Harvest Moon

The Harvest Moon is defined as the full moon closest to the fall equinox. This year it happened to coincide with the first full day of fall. The sky was clear and I couldn’t help but notice the moon coming up as we were getting ready to leave the farm this evening.

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I took a second photo of the moon peeking through the trees in the chicken yard.

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When I mentioned to my husband that it was the Harvest Moon we were both reminded of Neil Young, so we went home and enjoyed a Neil Young concert Prairie Wind – Live at the Ryman Auditorium (in our living room) 🙂 . And we danced – ♪♪on this harvest moon♪♪. 🙂

Although it’s not at the Ryman, I’ll share this one with you.

Enjoy!

11 thoughts on “Harvest Moon

  1. I was just reminiscing with another blogger how we grew up listening to Mitch Miller’s song called “Harvest Moon”. You probably know that the farmers used the harvest moon to work later at night harvesting their crops on the day before, of, and after the bright harvest moon. I am glad you and your husband took a break from working and danced instead Ruth. 🙂

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    1. When my husband saw your comment he remembered “Sing Along With Mitch”. 🙂 He didn’t remember his version of “Harvest Moon” though. It is amazing how people used nature to get things done before we had so much technology. Now the farming equipment has lights that will light up the whole field. We did have a lovely evening.

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      1. “Shine on, shine on harvest moon up in the sky” … I think I still know it by heart. I had heard the story about the harvest moon years before and then I had just heard it on “Star Date” the daily feature on WWJ. Farming sure is different now and not only that, so much of it is computerized for milking on the very large dairy farms and irrigation for those acres and acres of crops on large farms. Glad you had a nice evening – your shots of the moon were awesome.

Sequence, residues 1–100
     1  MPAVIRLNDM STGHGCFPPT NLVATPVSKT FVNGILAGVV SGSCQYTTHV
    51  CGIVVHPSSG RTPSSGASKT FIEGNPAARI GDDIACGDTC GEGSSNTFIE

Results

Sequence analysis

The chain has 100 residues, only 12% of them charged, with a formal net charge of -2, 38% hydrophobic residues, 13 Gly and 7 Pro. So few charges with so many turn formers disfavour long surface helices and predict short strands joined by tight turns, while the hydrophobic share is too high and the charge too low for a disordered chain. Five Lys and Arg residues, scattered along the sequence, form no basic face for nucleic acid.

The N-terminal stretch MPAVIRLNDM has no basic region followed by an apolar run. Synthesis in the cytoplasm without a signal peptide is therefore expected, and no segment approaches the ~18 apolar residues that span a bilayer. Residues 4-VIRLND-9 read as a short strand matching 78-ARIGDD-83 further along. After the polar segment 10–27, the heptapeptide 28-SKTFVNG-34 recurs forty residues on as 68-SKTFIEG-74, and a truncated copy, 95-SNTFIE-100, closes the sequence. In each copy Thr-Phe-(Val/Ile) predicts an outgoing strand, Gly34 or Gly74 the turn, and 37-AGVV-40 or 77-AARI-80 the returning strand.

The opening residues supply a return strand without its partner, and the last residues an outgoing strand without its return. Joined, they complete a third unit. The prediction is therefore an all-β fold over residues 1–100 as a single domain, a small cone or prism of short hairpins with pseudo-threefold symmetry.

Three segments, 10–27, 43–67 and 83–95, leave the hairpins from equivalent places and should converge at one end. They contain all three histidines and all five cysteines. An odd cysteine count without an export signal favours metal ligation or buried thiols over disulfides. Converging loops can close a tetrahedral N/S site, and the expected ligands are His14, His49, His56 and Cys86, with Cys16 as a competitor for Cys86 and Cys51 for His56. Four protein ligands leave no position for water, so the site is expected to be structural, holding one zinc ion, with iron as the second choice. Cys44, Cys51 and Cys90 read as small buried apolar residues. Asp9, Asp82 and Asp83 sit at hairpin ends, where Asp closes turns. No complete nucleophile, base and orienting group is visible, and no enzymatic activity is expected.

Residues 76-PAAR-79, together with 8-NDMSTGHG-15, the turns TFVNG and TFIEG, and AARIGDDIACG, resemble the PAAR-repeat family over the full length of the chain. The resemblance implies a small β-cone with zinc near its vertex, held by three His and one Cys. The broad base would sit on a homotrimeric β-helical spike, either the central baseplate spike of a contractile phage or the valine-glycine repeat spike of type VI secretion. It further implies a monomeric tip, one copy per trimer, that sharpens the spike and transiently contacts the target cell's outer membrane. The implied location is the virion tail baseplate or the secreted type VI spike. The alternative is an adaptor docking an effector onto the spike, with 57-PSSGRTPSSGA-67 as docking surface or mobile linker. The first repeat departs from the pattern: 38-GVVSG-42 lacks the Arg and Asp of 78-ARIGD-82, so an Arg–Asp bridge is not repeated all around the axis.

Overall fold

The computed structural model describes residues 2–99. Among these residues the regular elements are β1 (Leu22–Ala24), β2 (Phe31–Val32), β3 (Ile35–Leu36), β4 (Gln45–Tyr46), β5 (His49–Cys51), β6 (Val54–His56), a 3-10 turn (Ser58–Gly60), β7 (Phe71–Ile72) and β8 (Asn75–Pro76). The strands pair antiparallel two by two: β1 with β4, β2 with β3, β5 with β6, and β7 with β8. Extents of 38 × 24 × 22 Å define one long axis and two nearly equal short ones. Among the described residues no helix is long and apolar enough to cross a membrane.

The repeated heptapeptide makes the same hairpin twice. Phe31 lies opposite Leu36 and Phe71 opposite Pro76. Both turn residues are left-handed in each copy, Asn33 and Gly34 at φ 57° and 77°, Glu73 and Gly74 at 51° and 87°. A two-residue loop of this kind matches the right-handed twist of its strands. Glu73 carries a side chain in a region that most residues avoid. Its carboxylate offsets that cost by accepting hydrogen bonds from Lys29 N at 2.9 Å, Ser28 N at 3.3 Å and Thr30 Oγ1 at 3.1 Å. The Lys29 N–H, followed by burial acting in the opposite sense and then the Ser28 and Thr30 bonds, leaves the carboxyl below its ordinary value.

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      2. Sing it, Linda! HaHa!
        I find it sad how farming has become so industrialized. People were more connected with the land, their food and even nature when they grew their own food or relied on small farms to provide it. We are old school farmers and have even had people question how 7.6 acres can be a farm. We do have a tractor for tilling the soil but planting, harvesting and such is done manually. We are still working on cleaning some of the garlic bulbs that were harvested in July. We use a hand clippers to trim the leaves and roots and a scrub brush to remove the dirt. There is no app for that. LOL. Honestly I wouldn’t want it any other way.

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      3. I would but I can’t carry a tune Ruth. 🙂 For years I listened to “The Internet Advisor Show” every Saturday afternoon on WJR. I learned a lot of things about computers and troubleshooting, but now their programs are way over my head, as they are all about smartphones, e-readers, big-screen TVs, and Windows 10, none which I have. But, they always had a faithful listener, Ben Carson, who called in every year to talk about high-tech farming. I listened to what he did and was just astounded and this was several years ago. He said he used his laptop to start start various processes on the farm, keep track of fields planted, rotated, irrigated … everything was computerized. My great grandfather had a farm near Guelph, Ontario … he did everything himself and his wife helped (until a horse stomped down on the top of her foot while hooking it up to the buggy to go to church). Their kids helped pick berries and fruit, some veggies. My grandmother would say the farmers went from farm to farm helping their neighbors bring in the big crops, bale the hay, etc. It sounds so much nicer than the cold impersonal way of running a farm off a computer, and now, most likely off an app on your smartphone.

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